MEDIUM
SAW FRAME
SAW BLADES
DEEP SAW
FRAME
SAW FRAMES
& BLADES
Te process of forming often starts with cutting a
shape from a sheet of metal. For very thin metal,
this may be done with snips; however, snips can curl,
twist, and deform the sheet. Most often cutting is
done with a jeweler’s saw and blades. Simple holes
are cut in metal with drill bits, by hand, or with a
motorized tool. Depressions in the surface of metal
are cut with burs or with gravers. Stamping cuts the
surface — typically in a decorative pattern — unlike
a punch, which merely moves the metal. Files are the
first step in finishing metal, and come in a range of
shapes and “cuts” from coarse to fine.
CUTTING DEFINED
Cutting is really a misnomer when it comes
to metal. Because of the malleability of
metal, it typically breaks or chips, rather
than cuts, depending on what tool is used
to “cut” it. SNIPS, SHEARS, and NIPPERS
compress the metal to the point where the
sheet severs at the place where it is pushed
so thin the molecules break apart. SAW
BLADES chip away tiny shards of metal.
SAW BLADES available in a range of sizes,
from 8/0 to 8, to suit the type of metal being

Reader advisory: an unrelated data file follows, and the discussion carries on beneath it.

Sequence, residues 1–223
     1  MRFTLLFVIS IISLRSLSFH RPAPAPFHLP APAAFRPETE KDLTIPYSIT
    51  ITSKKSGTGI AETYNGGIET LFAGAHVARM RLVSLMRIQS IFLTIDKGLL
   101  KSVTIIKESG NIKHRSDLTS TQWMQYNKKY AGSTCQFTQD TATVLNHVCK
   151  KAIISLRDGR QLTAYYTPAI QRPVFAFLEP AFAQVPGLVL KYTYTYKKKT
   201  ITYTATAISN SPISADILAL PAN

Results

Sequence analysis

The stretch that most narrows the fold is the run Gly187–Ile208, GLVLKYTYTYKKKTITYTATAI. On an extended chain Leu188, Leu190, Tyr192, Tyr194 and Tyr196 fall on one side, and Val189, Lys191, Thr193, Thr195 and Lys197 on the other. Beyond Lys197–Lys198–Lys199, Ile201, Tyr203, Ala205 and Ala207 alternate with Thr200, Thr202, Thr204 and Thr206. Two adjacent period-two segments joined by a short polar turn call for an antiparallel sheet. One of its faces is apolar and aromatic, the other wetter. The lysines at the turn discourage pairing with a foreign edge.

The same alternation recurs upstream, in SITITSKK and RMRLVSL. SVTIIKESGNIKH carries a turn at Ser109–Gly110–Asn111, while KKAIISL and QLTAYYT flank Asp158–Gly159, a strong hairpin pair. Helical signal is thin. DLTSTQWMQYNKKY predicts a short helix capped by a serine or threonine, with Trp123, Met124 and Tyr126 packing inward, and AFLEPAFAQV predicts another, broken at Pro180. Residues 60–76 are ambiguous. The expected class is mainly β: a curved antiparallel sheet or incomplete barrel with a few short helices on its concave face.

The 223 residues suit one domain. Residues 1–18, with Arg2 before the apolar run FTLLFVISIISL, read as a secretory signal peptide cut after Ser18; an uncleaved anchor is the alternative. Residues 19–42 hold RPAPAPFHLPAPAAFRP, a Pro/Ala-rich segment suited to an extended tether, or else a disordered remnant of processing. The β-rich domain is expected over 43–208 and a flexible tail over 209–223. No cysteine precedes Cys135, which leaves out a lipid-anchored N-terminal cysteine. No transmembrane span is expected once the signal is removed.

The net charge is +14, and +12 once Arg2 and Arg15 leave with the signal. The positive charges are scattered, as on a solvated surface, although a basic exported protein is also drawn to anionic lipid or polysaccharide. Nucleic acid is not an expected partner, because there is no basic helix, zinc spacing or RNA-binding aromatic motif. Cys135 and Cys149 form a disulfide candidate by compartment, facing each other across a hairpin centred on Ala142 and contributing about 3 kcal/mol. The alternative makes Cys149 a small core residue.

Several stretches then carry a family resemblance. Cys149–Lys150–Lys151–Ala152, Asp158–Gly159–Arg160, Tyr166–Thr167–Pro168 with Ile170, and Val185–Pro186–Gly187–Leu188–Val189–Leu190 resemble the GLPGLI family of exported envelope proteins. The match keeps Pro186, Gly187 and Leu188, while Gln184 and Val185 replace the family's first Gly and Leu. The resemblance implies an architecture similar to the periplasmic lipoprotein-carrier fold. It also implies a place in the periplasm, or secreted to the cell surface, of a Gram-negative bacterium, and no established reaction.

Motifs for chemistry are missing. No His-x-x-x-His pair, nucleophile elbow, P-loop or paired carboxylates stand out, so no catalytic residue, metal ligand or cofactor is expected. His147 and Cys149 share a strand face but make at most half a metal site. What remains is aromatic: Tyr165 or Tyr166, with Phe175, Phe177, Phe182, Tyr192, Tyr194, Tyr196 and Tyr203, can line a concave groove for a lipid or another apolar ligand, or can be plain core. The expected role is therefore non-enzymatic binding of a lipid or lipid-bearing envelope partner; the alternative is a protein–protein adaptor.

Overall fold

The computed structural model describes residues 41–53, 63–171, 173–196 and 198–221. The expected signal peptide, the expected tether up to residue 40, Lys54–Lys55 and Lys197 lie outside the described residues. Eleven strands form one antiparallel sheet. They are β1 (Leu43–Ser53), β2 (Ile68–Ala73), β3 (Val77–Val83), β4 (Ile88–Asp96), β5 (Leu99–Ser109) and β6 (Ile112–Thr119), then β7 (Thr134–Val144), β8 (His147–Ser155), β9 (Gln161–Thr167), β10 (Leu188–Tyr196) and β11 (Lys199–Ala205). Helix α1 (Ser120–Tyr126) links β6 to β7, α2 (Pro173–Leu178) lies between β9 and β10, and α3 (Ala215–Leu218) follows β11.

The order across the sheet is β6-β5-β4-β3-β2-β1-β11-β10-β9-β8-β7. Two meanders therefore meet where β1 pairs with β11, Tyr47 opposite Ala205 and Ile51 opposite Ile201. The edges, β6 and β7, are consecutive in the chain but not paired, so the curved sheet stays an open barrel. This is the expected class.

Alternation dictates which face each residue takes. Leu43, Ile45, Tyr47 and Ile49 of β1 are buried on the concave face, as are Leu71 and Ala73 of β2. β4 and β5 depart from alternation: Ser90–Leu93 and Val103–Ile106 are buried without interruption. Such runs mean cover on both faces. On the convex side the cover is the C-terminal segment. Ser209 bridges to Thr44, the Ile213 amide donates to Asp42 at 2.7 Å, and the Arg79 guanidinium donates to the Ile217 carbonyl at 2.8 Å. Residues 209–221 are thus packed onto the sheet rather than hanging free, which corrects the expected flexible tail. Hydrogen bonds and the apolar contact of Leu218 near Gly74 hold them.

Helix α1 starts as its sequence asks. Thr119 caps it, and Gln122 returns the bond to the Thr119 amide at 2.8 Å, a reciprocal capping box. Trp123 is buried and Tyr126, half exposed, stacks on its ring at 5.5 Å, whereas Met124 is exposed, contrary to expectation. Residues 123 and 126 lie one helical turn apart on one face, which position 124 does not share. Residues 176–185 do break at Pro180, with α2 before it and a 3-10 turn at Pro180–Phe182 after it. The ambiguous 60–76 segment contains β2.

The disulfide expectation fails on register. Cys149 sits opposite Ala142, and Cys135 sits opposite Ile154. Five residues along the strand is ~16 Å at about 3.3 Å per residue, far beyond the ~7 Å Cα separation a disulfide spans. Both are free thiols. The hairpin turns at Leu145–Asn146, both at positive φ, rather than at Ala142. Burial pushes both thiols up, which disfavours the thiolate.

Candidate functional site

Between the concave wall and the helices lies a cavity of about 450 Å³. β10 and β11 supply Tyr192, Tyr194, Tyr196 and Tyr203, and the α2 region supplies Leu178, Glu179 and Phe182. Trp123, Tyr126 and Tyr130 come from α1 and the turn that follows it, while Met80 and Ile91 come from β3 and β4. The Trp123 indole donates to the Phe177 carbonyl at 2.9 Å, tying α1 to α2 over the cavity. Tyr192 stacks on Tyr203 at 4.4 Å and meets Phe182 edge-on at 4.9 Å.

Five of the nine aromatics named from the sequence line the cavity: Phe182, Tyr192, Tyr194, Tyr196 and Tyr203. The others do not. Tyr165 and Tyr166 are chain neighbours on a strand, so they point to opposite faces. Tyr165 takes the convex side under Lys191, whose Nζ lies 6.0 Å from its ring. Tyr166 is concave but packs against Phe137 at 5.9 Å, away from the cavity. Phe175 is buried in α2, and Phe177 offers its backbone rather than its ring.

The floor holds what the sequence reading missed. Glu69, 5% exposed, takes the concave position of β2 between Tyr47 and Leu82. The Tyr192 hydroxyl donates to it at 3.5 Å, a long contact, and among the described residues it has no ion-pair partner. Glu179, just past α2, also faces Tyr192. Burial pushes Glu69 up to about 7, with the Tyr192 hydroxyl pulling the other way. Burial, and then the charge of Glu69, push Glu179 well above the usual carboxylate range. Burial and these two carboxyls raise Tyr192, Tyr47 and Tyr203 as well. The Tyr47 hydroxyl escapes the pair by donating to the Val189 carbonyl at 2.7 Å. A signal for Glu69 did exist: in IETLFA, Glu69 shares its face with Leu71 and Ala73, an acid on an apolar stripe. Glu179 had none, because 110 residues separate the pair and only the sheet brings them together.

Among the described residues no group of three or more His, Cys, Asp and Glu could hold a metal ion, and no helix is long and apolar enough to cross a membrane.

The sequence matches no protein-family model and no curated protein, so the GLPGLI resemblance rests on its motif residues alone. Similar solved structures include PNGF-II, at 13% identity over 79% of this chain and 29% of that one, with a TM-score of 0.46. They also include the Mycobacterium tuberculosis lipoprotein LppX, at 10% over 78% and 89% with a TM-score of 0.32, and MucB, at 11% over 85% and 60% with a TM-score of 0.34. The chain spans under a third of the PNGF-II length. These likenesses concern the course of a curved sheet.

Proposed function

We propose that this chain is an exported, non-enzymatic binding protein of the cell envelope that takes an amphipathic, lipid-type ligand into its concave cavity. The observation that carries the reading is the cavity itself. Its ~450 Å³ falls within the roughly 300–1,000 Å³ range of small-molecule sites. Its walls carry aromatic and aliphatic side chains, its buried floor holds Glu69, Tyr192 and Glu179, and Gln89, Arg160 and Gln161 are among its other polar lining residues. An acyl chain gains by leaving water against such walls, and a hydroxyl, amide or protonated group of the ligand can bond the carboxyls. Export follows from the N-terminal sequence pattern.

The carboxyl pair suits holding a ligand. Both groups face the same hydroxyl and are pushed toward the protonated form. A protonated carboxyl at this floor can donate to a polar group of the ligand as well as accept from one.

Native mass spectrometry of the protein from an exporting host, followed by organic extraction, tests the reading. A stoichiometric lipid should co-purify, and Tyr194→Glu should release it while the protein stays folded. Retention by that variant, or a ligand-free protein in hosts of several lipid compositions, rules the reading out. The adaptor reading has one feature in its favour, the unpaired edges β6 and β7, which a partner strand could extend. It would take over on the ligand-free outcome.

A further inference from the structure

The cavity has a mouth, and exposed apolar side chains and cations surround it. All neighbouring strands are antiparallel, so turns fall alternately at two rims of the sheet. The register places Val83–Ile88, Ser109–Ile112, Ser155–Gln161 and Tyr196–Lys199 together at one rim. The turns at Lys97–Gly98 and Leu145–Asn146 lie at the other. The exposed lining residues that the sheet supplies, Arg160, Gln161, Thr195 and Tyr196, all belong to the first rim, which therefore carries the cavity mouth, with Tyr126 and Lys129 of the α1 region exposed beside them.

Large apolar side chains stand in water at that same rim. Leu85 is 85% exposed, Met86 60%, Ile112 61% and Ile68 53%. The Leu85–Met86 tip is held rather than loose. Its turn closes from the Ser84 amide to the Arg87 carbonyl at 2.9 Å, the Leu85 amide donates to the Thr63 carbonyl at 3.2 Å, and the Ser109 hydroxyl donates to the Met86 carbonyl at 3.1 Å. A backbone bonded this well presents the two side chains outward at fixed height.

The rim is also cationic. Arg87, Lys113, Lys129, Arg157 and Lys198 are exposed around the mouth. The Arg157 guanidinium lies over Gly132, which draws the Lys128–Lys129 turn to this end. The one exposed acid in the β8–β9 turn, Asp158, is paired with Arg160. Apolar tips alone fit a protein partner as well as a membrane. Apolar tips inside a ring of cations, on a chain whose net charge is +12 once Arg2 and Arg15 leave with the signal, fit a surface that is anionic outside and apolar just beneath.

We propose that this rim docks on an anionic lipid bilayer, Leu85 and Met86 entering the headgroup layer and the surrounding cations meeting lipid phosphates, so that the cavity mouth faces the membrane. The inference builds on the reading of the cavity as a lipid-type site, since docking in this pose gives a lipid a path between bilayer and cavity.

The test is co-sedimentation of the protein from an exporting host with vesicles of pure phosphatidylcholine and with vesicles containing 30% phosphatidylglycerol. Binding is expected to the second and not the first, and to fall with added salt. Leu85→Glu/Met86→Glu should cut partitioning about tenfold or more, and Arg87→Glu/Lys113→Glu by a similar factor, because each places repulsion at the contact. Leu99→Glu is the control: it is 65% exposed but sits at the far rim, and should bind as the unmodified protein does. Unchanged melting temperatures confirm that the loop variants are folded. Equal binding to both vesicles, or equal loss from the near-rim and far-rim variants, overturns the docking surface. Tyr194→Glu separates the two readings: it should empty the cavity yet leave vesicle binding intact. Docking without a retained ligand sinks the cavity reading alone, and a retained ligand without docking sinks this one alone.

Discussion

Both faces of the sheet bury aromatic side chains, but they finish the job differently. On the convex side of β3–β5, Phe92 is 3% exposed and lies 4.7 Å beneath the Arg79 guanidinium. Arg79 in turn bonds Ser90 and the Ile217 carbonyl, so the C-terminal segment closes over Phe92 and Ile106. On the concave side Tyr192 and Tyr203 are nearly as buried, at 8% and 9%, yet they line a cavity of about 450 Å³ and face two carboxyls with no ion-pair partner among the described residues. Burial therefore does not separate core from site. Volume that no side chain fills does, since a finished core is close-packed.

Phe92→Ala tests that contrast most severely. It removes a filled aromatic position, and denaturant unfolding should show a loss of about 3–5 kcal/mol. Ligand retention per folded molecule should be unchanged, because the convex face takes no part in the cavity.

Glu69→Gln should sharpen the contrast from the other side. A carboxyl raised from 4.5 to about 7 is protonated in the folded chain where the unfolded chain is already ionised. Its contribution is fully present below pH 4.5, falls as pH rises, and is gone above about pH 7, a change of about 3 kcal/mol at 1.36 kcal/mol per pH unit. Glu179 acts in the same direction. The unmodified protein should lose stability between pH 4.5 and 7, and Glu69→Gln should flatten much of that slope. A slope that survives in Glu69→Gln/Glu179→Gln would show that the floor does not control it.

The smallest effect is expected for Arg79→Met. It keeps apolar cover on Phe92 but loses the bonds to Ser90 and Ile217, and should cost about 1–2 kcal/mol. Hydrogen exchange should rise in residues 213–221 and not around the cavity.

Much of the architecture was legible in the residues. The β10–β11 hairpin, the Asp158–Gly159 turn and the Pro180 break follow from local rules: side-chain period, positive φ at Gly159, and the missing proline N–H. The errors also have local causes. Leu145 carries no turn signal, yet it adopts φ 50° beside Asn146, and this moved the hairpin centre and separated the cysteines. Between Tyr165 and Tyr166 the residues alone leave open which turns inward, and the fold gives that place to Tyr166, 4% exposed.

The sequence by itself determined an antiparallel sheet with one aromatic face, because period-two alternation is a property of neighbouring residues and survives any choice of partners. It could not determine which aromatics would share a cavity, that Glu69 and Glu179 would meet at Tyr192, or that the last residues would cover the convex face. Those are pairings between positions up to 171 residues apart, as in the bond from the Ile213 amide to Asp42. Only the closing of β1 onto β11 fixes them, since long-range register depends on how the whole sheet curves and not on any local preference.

sawn. Smaller numbers indicate finer blades
for thinner metal.
SAW FRAME the U-shaped frame has clamps
at each end of the U to clamp the blade; the
base of the U is adjustable for length of blade.
Troat depth (from top of U to bottom)
ranges from 2 1/4” to 6” and up to 11”.
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THE ILLUSTRATED GUIDE TO JEWELRY MAKING TOOLS
CUTTING
THE ILLUSTRATED GUIDE TO JEWELRY MAKING TOOLS BY SHARON ELAINE THOMPSON
TUBE
CUTTING JIG
HACKSAW
DISC
CUTTER
PROFESSIONAL’S CHOICE
Cynthia Eid
“My saw frame made by Lee Marshall of
Knew Concepts is light and comfortable. It
has a great blade-tensioning mechanism—
no more need for pressing the saw frame
between your chestbone and bench!”
ABOUT OUR EXPERTS
EVE ALFILLÉ, located in Evanston, Illinois, is a
fine jewelry designer known particularly for
her knowledge of pearls and her educational
programs. You can see more of her work at
www.evejewelry.com.
NANCY ATTAWAY is a gem cutter and faceting
instructor who collaborates with her husband
Steve to create one-of-kind jewelry in their
studio in Sandia Park, New Mexico. Steve, a gem
carver and jeweler, has published numerous
articles on gemstone polishing. You can see
more of their work at www.attawaygems.com.
ANDY COOPERMAN is a jewelry artist, teacher, and
writer working in Seattle, Washington. You can see
more of his work at www.andycooperman.com.
CYNTHIA EID, from Massachusetts, is a
respected jewelry artist, teacher, and co-author,